Nutrition and Diet

Food groups

There are five main food groups. For a balanced and healthy diet these food groups need to be eaten in the correct proportion. To view the 'eatwell plate' with details on the five food groups click here.

Fruit and vegetables

Fruit and vegetables provide valuable vitamins, minerals and fibre and are usually low in fat and calories too. They should make up about a third of what we eat.

It is recommended that adults eat at least five (80g) portions of different fruit and vegetables a day to help stay healthy. The size of a portion for children varies but is approximately the amount that fits into the palm of their hand.

Fruit and vegetables don’t have to be fresh to count as a portion; frozen, dried and tinned all count and even a glass of fruit juice can count as a portion. They don’t need to be eaten on their own; they still count if they're part of a meal or included in a dish, for example, onions or tomatoes.

What counts as an 80g portion?

Generally in the UK we’re not eating enough fruit and vegetables, so include plenty at your mealtimes and remember they are the perfect snack!

Bread, rice, potatoes, pasta and other starchy foods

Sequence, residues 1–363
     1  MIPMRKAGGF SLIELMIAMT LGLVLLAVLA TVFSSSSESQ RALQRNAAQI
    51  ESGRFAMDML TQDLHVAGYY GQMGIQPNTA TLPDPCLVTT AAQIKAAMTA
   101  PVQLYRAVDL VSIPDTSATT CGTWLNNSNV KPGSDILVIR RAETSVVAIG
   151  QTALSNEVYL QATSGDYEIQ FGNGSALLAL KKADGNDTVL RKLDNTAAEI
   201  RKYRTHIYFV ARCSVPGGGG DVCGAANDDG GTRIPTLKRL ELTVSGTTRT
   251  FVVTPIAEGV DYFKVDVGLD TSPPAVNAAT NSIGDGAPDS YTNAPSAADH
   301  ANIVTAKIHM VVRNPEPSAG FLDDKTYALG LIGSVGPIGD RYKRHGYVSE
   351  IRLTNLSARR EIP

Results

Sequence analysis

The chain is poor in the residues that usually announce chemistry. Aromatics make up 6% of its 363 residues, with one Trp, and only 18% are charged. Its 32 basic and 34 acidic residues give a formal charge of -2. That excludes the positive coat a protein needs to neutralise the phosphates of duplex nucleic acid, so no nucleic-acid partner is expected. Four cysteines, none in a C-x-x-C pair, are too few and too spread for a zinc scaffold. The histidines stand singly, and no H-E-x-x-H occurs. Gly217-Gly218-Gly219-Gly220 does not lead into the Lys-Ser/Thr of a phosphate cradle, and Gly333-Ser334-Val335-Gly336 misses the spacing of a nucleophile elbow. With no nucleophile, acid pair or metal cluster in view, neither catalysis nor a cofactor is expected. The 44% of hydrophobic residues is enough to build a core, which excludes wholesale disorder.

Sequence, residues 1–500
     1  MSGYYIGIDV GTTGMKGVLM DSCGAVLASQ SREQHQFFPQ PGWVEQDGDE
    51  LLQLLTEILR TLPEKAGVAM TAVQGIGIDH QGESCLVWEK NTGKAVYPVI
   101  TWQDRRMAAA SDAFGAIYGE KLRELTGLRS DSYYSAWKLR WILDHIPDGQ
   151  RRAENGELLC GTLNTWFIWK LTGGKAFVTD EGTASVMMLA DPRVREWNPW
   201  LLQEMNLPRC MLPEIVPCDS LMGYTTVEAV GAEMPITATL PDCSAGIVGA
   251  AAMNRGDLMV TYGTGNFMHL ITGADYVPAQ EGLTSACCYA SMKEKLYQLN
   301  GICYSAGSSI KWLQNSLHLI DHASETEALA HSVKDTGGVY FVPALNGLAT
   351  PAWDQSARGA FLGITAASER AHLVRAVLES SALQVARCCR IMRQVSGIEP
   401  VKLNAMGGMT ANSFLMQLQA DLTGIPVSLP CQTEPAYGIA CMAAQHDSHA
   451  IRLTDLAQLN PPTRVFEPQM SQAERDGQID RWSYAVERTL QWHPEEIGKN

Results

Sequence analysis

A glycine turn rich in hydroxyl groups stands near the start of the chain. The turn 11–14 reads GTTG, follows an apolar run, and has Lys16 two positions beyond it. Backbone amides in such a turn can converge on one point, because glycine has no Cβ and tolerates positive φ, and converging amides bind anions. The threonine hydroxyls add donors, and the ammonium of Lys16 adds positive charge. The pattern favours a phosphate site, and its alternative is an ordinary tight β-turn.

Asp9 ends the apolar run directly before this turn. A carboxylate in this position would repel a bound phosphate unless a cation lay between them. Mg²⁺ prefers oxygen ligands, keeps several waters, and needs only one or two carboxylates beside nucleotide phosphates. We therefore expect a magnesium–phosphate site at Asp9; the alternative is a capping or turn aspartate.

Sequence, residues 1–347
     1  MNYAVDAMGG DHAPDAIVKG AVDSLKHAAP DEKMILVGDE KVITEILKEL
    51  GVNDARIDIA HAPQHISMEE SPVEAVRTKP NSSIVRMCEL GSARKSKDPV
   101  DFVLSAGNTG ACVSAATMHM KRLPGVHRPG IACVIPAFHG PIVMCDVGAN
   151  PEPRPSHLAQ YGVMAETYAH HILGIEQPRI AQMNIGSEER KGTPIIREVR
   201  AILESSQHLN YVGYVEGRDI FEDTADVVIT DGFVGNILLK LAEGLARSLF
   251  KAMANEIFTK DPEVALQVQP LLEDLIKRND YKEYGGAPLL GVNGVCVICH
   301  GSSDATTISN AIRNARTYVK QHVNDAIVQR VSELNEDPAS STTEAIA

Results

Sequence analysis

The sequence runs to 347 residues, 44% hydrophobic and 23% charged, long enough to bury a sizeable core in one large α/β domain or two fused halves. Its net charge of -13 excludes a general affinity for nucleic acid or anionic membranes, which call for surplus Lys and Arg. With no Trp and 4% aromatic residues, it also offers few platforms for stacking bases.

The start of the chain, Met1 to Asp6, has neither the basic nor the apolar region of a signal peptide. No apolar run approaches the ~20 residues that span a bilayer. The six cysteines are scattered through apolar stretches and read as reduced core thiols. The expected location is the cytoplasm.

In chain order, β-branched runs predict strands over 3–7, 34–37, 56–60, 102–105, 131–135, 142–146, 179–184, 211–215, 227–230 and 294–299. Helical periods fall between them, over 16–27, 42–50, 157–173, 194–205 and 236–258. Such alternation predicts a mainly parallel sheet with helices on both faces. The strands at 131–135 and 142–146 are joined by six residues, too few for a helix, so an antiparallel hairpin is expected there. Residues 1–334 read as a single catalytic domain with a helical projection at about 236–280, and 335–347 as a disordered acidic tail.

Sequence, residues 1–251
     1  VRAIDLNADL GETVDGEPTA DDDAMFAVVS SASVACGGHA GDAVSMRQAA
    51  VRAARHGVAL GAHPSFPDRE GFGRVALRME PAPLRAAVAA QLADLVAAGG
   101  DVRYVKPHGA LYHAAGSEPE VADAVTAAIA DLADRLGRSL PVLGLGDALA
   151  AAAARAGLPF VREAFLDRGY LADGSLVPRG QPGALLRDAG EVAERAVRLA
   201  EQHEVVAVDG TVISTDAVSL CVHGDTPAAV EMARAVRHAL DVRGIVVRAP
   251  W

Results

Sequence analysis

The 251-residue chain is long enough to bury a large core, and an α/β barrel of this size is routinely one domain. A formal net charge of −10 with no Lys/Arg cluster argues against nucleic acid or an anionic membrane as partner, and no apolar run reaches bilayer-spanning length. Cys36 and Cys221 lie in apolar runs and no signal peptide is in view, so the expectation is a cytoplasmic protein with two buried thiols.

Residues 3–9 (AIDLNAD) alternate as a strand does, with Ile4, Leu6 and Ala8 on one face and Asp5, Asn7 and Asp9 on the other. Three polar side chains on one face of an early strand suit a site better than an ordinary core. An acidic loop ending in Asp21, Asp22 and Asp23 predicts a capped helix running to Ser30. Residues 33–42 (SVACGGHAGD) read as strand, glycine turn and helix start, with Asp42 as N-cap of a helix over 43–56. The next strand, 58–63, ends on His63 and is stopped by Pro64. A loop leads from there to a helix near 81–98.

Eat plenty from this food group as these starchy foods should make up about a third of all your food. Choose wholegrain varieties whenever you can.

Milk and dairy foods

Dairy foods like milk, cheese and yoghurt are good sources of protein for growth and repair and calcium for strong bones and teeth. Lower fat dairy foods are the healthier options.

Meat, fish, eggs, beans or other non-dairy sources of protein

This food group provides good sources of protein for growth and repair and some vitamins and minerals too.

Choose lean and lower fat options whenever you can and trim off any visible fat on meat and remove skin from poultry.

The Government recommends that we should eat at least two portions of fish a week, including at least one portion of oily fish.

Foods and drinks high in fat and/or sugar

Many of us eat too much fat and/or sugar, so aim to have just a small amount of foods and drinks which are high in fat and/or sugar.

The ‘eat well plate’ will guide you on the right proportion of foods to eat but you still need to eat the right amount of food. You must therefore watch your portion sizes to ensure you balance the energy you consume with the energy you use to maintain a healthy weight otherwise you can still gain weight.

More advice on food groups for younger children is available from NHS Choices.